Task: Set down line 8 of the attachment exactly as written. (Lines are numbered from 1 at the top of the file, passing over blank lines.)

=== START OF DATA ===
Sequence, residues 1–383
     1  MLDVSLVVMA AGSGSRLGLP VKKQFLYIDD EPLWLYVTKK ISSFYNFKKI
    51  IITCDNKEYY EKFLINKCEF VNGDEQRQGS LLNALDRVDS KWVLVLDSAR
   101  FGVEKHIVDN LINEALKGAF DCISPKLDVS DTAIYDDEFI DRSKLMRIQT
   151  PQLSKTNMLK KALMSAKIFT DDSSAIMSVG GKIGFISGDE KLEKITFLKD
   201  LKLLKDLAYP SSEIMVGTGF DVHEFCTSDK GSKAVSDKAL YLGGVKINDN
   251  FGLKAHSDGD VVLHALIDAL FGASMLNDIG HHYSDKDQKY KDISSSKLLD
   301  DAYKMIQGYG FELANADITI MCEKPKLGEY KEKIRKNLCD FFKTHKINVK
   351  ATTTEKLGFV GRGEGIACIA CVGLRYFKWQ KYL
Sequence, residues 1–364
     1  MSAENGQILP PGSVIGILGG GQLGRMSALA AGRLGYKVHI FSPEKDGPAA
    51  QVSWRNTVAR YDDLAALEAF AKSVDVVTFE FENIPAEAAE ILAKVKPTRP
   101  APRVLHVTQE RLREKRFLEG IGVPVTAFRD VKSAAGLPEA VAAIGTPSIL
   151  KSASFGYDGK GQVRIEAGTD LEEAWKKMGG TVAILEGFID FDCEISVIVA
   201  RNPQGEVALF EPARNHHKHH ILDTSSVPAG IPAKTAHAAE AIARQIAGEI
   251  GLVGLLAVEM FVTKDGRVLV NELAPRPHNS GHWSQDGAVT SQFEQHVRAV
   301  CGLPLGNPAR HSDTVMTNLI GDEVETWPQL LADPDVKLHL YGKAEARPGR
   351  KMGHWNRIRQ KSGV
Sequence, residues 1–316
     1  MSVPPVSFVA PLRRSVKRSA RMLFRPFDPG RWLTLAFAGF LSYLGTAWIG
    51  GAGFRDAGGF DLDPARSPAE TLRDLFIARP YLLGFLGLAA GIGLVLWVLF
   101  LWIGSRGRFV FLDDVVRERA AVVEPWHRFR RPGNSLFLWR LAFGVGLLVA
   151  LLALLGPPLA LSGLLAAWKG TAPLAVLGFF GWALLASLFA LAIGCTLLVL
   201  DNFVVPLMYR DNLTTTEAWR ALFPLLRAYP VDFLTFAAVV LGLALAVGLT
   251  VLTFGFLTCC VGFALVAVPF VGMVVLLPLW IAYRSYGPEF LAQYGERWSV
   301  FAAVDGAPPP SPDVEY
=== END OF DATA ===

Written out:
   301  DAYKMIQGYG FELANADITI MCEKPKLGEY KEKIRKNLCD FFKTHKINVK